After A 2007 New Mexico Payday Loan Law Passed, Lenders Moved To Installment Loans.
“In New Mexico, a 2007 law triggered the same rapid shift. QC Holdings’ payday loan stores dot that state, but just a year after the law, the president of the company told analysts that installment loans had “taken the place of payday loans” there.” [Cincinnati Enquirer, 8/11/13]
Installment Loans In New Mexico Are Widely Available Despite Payday Law And Charge Rates Of Between 520%-780%. “Despite the attorney general’s victories, similar types of loans are still widely available in New Mexico. The Cash Store, which has over 280 locations in seven states, offers an installment loan there with annual rates ranging from 520 percent to 780 percent. A 2012 QC loan in New Mexico reviewed by ProPublica carried a 425 percent annual rate.” [Cincinnati Enquirer, 8/11/13]
After Payday Loan APR Cap Was Enacted In New Mexico, Payday Lenders Changed The Loan Descriptions From “Payday” To “Installment”, “Title”, Or “Signature” To Get Around The Law. “In 2007, New Mexico enacted a law capping interest rates on “payday” loans at 400 percent. Many of the lenders quickly changed the loan descriptions from “payday” to “installment,” “title” or “signature” to get around the law.” [Albuquerque Journal, 11/28/14]
Payday Lenders In New Mexico Avoided The Payday Loan Restrictions In The 2007 Payday Law By Switching To Unregulated “Signature Loans.” “Lawmakers have tried to get a handle on small lenders since at least 1999, but we haven’t seen much impact. In 2007, the Legislature cracked down by limiting payday loans to 35 days, prohibiting indefinite loan rollovers, and capping interest rates at 400 percent. The small lenders just found ways around it. Cash Loans Now and American Cash Loans (with offices in Abuquerque, Farmington and Hobbs) avoided the net by shifting from payday lending to signature loans, which require no collateral.”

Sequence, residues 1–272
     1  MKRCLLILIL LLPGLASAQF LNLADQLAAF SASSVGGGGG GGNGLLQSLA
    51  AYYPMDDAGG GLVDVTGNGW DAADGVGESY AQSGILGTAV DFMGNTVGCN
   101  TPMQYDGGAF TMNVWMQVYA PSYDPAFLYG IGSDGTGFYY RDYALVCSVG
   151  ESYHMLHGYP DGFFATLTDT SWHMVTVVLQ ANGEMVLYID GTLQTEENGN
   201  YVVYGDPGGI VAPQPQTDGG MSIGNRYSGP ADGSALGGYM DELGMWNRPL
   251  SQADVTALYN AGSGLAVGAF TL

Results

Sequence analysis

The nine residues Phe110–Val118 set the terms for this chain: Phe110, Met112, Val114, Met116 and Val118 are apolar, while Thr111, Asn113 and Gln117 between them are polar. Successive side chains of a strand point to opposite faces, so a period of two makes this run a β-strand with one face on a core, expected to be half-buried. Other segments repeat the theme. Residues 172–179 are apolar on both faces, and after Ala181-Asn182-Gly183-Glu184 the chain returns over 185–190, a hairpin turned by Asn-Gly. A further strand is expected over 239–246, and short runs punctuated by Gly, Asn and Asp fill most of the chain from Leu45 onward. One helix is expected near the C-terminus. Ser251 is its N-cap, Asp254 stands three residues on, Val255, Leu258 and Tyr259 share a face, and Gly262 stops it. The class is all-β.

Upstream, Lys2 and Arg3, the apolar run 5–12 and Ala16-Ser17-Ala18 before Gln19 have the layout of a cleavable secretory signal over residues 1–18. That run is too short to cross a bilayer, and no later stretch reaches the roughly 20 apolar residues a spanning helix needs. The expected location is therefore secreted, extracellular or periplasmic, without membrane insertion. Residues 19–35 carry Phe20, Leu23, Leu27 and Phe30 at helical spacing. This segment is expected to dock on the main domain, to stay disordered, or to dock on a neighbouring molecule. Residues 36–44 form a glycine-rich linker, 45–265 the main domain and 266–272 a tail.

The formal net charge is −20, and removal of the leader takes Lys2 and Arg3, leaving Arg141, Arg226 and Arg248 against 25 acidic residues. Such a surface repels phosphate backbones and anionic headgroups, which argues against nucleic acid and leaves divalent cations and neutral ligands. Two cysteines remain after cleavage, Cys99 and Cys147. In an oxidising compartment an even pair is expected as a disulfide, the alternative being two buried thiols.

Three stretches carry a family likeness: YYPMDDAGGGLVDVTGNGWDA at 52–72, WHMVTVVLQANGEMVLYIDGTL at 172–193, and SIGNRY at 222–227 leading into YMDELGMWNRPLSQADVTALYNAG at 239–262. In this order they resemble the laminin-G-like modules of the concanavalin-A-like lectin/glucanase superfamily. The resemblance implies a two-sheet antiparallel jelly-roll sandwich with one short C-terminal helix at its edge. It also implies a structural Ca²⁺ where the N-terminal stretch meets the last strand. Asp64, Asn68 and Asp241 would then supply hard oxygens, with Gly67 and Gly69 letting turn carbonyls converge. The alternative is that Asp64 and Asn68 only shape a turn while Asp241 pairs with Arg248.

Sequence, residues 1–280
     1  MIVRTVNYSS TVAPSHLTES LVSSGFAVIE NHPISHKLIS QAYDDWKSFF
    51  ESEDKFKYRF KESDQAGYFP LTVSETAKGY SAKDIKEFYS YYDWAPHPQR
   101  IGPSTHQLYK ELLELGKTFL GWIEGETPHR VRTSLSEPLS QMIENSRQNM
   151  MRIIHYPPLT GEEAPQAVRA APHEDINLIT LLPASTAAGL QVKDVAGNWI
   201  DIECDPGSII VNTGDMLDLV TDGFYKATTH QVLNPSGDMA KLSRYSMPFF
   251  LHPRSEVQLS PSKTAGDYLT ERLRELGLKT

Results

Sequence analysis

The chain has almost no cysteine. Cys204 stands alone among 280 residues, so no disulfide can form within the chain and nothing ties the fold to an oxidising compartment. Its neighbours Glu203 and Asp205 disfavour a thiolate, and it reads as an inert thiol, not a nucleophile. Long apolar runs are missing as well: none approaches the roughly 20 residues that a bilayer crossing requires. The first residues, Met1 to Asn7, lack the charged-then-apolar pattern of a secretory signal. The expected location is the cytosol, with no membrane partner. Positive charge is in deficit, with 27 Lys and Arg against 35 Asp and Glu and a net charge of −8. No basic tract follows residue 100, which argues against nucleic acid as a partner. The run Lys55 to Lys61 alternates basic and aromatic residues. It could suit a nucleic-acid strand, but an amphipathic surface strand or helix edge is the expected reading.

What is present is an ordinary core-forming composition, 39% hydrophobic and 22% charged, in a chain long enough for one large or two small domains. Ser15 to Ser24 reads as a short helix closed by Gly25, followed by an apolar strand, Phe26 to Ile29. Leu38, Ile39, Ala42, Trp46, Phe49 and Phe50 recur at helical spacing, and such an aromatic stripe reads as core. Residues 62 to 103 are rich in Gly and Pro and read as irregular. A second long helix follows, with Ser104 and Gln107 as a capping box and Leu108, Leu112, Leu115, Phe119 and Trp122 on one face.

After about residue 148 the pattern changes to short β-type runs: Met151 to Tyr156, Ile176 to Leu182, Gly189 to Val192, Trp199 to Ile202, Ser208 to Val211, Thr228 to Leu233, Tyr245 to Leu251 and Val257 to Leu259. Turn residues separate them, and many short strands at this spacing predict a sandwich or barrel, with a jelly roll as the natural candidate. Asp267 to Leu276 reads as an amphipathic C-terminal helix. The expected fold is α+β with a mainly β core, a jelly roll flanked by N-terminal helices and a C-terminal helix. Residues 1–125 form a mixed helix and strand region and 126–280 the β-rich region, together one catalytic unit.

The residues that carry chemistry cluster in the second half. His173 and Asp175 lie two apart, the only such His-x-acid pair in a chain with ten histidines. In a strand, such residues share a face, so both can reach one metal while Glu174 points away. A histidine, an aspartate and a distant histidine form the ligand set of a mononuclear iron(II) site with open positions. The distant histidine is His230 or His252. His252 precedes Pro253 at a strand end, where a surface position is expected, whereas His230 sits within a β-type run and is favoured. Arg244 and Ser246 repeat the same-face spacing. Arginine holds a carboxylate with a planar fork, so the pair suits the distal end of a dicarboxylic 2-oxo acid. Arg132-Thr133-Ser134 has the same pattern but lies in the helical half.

In 2009, The State Supreme Court Ruled In Favor Of Borrowers Who Received “Signature Loans” With Interest Rates As High As 1400% Which The Court Called “Unconscionable.” “In 2009 the Attorney General sued the two companies for predatory lending and for an interest rate in excess of 1,400 percent a year. On June 26 the state Supreme Court ruled in favor of borrowers. The interest rate, said both courts, was “unconscionable.” One borrower earned $9 an hour at a grocery store; the $100 loan had a finance charge of $1,000. Another, earning $10.71 at a hospital, got a $200 loan with a finance charge of $2,160. The AG argued that the companies pitched signature loans to poor and unsophisticated people who didn’t entirely understand the terms of their loans. Consumer advocates say these borrowers have lower incomes and less education than the population as a whole, and are often people of color.” [Carlsbad Current-Argus, 9/13/14]